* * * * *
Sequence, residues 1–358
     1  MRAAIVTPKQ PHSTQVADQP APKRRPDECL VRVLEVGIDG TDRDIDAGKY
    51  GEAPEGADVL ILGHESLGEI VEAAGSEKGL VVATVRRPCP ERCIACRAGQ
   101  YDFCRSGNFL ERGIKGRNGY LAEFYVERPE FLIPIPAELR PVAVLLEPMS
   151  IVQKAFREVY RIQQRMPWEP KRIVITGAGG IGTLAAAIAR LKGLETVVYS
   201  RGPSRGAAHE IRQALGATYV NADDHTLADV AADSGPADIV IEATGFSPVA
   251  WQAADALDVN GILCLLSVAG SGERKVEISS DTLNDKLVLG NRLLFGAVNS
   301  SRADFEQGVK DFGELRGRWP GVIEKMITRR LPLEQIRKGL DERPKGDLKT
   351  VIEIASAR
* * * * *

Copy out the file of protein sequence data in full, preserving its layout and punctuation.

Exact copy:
Sequence, residues 1–358
     1  MRAAIVTPKQ PHSTQVADQP APKRRPDECL VRVLEVGIDG TDRDIDAGKY
    51  GEAPEGADVL ILGHESLGEI VEAAGSEKGL VVATVRRPCP ERCIACRAGQ
   101  YDFCRSGNFL ERGIKGRNGY LAEFYVERPE FLIPIPAELR PVAVLLEPMS
   151  IVQKAFREVY RIQQRMPWEP KRIVITGAGG IGTLAAAIAR LKGLETVVYS
   201  RGPSRGAAHE IRQALGATYV NADDHTLADV AADSGPADIV IEATGFSPVA
   251  WQAADALDVN GILCLLSVAG SGERKVEISS DTLNDKLVLG NRLLFGAVNS
   301  SRADFEQGVK DFGELRGRWP GVIEKMITRR LPLEQIRKGL DERPKGDLKT
   351  VIEIASAR